In any case, Prof. Hutcheon made some lovely and eloquent observations about the literary bloggosphere that addressed our weaknesses and highlighted our strengths. Though the most-often cited advantage of internet reviews is the “democratization” of the process – now anyone, anywhere can (and does) have a platform to let their views be known and the “tastemakers” or “gatekeepers” are losing their grip. But Hutcheon rightly points out that more noise doesn’t necessarily mean more dialogue – after all, can it be a dialogue if nobody is listening? Can critics have the same effect on our “cultural consciousness” if the discussion isn’t being broadcast (vs narrowcast) to a large audience? This is certainly a fair critique of the lit blog formula. Regardless of how measured, professional and well-spoken a blogging critic is, if he or she doesn’t have the same impact on the public sphere that the Globe and Mail, New York Review of Books or Times Literary Supplement has, the role of the critic in society is being diminished.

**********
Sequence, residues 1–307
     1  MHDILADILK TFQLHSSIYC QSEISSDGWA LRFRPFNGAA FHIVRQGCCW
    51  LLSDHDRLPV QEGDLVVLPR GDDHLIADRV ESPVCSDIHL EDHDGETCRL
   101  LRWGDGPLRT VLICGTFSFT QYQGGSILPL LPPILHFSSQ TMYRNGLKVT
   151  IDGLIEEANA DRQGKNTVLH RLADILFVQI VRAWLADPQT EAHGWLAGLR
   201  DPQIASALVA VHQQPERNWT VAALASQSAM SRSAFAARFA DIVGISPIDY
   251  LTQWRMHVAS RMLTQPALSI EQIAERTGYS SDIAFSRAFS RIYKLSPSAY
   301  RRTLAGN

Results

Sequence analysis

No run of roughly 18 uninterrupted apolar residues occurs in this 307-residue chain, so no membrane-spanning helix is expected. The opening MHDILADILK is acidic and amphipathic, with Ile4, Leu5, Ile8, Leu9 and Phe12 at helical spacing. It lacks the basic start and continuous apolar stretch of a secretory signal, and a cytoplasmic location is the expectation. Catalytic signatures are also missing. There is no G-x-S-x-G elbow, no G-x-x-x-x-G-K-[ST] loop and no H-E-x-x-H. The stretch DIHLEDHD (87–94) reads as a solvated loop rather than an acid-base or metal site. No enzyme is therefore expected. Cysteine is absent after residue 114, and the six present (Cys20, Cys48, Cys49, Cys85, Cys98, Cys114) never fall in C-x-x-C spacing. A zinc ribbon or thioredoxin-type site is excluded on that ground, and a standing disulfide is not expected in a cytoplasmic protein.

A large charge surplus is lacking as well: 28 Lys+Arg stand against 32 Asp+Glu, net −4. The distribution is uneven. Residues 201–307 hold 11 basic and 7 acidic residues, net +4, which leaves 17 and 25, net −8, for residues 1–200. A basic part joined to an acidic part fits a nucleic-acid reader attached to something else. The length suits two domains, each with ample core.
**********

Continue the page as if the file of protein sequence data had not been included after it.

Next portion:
There are many advantages to the fragmented online review scene. It allows readers to seek out and connect with reviewers who share their tastes. Meta-tools like “liking” reviews on amazon.com do provide a way (however flawed) to distill some of the noise into helpful information. The customer-reviewer is an excellent person to consult when your question is “do I want to buy this” rather than “what does this mean” or “how does this fit into a greater cultural context?”
That customer-reviewers are a wonderful marketing tool is pretty inarguable. But are they anything else? A blogger isn’t as much a taste-maker as a taste-matcher; after all the reader can always go to another reviewer if they start to sense that her tastes are diverging from the reviewer’s. Hutcheon advances the suggestion that online reviewers are “cultural subjects” (after Pierre Bourdieu’s “Political Subjects”), meaning that even if they might not be the focus of a cultural turn or shift, they can at least be the subject of the discourse on culture – and I would take this to mean that the bloggosphere as a whole can be spoken of (“the blogs are saying…”) rather than specific blogs. This certainly has an egalitarian feel to it – we the masses making cultural decisions rather than individuals in powerful (paid) positions. Hutcheon suggests bloggers and reviewers are motivated by the reputation economy and by, of course, love of the subject. So perhaps as cultural subjects our impact is freer from the politics of power.